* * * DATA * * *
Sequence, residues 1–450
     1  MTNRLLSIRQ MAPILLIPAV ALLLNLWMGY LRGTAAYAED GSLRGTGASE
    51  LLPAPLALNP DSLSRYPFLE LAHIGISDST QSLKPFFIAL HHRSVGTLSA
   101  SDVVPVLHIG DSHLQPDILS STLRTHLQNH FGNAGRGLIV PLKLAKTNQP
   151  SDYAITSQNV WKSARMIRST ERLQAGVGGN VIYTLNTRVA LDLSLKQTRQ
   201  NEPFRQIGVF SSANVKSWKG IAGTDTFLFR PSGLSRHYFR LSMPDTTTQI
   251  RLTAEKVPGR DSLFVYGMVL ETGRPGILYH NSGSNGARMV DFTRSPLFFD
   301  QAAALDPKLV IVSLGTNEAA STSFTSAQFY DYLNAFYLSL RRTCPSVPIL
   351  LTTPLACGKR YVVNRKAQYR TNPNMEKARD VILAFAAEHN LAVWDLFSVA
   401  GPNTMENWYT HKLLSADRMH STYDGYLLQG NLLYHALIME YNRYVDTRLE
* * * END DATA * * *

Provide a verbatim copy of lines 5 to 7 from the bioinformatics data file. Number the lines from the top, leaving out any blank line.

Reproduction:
   151  SDYAITSQNV WKSARMIRST ERLQAGVGGN VIYTLNTRVA LDLSLKQTRQ
   201  NEPFRQIGVF SSANVKSWKG IAGTDTFLFR PSGLSRHYFR LSMPDTTTQI
   251  RLTAEKVPGR DSLFVYGMVL ETGRPGILYH NSGSNGARMV DFTRSPLFFD